LIS Education

Over on Tame The Web, Michael Stephens asks “How does/did your LIS program measure up?” Stephens discusses an article in Library Journal on Michael Gorman by John Berry. In the article, Berry writes “Librarianship requires graduates from programs designed to respond to national trends in information, leisure, technology, and entertainment and the need for civic awareness and community.” I believe that it is in relation to this quote that Michael Stephens is asking about LIS programs. I’m really not sure how to assess my LIS program in relation to this quote. Really the question is, will all students graduating with their MLS from SCSU be able to “respond to national trends in information leisure, technology, and entertainment and the need for civic awareness and community?” I would have to say no – but I doubt that any graduate program would be able to claim that all of their graduates have the knowledge needed for this. So much of this comes down to what the student wants to learn and what type of librarian the student wants to be. In the course of my studies, I have run across students who want to learn about new technologies, want to learn about the ways that people use technologies and seem to care about the people they will serve as librarians. However, I have also run across students who only seem to want to do the required work with as little effort as possible. One doesn’t normally interact with these types of students much. I can’t definitively tell what type of student they will be, but I suspect that they will simply want to go through the motions of any future library job.

Personally, I feel as if I am getting quite a bit out of my educational experience. I’m not sure how much of this I attribute to the actual program and how much I attribute to my own initiative and desire to be a better and more responsive librarian. Ok, that statement isn’t really true. Honestly, I have to attribute most of it to my own desire to make connections, to widen my horizons, to learn something beyond the lectures and textbooks. I can say that in only two of the six classes that I have taken (or are taking) have we discussed the types of issues or strategies that I would consider to be beyond the bounds of traditional librarianship. In a third class, the focus was primarily issues relating to the traditional librarianship concepts of freedom of information, privacy, ethics, etc. – and I think that was appropriate. However, the other three classes could have been so much more. In the reference class, there was no discussion of the impact of technology on reference services. Internet sources were treated as if they were simply sources of information. We didn’t discuss search strategies for finding pertinent information, use of instant messaging, social software, ways to engage patrons or ways in which patrons look for information. The class could have been so much more.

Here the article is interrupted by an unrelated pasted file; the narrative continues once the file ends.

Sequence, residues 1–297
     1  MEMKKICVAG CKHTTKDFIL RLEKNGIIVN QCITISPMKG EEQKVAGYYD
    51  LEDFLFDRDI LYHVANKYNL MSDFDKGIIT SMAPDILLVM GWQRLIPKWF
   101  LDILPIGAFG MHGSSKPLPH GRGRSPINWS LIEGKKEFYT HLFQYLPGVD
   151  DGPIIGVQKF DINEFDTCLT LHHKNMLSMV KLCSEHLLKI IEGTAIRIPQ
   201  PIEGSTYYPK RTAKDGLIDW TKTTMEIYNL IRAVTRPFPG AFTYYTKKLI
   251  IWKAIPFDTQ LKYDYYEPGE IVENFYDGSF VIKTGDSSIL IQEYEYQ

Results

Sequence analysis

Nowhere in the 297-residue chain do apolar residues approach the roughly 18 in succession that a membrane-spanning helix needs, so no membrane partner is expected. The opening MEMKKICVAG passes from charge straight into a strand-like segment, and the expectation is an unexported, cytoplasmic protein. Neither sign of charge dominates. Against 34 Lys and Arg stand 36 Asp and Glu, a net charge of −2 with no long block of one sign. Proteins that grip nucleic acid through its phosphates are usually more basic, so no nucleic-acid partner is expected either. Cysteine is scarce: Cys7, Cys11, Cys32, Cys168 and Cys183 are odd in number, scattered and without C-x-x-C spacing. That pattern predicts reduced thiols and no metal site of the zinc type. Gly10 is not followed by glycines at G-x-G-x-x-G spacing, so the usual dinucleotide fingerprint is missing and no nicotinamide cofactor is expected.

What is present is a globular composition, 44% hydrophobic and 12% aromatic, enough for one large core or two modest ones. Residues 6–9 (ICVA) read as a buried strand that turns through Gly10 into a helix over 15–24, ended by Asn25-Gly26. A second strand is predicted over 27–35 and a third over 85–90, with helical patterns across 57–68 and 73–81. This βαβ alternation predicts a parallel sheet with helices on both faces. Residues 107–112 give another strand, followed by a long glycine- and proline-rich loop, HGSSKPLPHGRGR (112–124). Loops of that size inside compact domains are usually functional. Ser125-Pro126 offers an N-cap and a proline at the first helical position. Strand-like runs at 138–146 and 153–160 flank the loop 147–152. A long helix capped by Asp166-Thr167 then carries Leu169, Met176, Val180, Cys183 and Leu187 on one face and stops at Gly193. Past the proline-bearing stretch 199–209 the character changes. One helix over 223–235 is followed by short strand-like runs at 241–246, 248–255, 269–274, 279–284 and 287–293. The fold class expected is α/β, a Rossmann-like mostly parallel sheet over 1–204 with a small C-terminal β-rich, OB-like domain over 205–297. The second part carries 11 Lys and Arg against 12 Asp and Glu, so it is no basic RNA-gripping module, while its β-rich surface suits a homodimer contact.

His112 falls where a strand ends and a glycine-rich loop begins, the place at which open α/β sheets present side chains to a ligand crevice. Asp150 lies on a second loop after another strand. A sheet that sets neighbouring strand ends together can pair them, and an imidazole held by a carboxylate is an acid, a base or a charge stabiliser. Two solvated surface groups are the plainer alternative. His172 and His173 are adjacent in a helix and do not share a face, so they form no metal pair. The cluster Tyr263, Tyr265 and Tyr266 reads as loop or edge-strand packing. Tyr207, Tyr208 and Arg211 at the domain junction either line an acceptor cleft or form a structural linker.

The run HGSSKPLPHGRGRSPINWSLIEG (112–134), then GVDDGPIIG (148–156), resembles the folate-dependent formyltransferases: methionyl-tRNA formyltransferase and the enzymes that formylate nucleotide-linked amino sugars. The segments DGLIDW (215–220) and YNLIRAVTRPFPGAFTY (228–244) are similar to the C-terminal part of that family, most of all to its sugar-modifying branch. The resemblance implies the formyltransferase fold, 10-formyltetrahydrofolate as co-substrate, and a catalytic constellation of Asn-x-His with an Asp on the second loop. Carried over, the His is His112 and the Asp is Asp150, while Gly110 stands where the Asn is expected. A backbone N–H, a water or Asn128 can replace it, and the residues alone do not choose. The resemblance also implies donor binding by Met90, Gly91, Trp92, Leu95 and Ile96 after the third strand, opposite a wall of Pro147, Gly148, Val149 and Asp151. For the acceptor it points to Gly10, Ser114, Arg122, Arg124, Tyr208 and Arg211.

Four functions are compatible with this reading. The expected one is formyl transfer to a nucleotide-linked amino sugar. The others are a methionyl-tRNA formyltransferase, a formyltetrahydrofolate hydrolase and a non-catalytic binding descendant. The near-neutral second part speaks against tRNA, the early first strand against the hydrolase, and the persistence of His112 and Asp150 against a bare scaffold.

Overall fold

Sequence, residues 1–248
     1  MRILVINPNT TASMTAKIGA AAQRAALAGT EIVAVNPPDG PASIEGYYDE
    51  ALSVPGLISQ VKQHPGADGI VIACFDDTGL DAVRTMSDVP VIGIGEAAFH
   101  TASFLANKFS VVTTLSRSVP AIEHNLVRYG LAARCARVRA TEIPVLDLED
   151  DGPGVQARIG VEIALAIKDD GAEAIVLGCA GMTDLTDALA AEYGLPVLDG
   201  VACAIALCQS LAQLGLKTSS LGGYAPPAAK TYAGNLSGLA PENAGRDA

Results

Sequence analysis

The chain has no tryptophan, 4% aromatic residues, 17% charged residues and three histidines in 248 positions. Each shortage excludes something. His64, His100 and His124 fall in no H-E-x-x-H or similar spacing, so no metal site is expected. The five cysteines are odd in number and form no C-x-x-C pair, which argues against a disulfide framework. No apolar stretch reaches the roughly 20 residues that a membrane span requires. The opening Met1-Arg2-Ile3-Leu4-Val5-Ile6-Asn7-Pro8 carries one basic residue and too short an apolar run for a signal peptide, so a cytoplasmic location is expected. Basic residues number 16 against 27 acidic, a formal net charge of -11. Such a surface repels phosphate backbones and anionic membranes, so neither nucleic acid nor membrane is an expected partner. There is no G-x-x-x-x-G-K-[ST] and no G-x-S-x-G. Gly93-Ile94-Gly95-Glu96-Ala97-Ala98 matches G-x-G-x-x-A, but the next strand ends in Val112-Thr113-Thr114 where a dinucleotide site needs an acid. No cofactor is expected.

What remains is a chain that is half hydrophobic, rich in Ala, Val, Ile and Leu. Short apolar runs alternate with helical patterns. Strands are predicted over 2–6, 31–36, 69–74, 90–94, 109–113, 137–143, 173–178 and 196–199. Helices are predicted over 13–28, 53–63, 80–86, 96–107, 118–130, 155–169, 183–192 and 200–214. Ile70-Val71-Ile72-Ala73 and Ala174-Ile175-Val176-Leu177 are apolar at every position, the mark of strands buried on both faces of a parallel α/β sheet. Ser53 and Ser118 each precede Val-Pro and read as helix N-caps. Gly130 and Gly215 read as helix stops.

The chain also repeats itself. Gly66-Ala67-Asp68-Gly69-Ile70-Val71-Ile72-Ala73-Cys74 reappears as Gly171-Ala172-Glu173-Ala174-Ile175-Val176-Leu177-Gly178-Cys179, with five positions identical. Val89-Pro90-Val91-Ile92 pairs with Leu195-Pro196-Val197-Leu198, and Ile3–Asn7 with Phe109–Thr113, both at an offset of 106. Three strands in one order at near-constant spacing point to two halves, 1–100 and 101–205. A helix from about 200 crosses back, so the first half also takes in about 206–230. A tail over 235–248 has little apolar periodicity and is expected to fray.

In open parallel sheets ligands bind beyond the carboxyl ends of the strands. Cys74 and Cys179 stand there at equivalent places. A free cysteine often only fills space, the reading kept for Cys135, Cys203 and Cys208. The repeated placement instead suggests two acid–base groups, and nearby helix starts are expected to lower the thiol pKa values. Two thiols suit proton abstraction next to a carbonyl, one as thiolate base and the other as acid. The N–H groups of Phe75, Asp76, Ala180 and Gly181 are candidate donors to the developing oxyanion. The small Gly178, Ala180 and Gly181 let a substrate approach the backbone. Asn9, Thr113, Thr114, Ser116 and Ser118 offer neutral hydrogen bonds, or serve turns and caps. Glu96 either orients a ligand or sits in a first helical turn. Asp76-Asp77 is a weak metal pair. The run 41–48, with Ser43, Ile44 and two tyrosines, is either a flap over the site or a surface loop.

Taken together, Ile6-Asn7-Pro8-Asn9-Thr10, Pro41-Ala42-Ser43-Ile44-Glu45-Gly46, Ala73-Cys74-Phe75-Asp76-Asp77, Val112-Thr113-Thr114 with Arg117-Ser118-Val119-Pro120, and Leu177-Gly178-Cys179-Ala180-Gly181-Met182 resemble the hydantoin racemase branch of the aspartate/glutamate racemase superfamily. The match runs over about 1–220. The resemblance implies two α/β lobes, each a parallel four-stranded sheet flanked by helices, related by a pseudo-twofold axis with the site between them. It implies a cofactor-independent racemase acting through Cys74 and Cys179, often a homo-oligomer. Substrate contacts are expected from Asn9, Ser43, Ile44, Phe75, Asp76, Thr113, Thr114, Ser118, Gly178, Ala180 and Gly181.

I have to admit that because I have lots of practical library experience, it is difficult (maybe impossible) for me to judge how well my LIS program would prepare people without any prior library knowledge for a job. I’m pretty secure in the path that I want to take, and have the experience to support my chosen path – thus, practical knowledge is not an issue for me. The MLS program definitely does not impart practical, day-to-day knowledge of library operations (exceptions are field studies and internships of which not everyone takes advantage). It is definitely much more theoretical in nature. So, really what do students need from an MLS program? I think the difficult part of this equation is that students differ in their learning styles – and they need different things. Students with significant library experience could use a different course of study from those without any experience. How do we assess these types of issues? I’m not entirely sure. I do believe that those of us who are graduate students need to take some responsibility for the education that we receive. The information that we need to know is out there. We have to find out how to harvest it. We should all be discussing LIS education and what it does well and what it does poorly. I could certainly have done without several of the classes I have taken so far – so there is certainly room for improvement.

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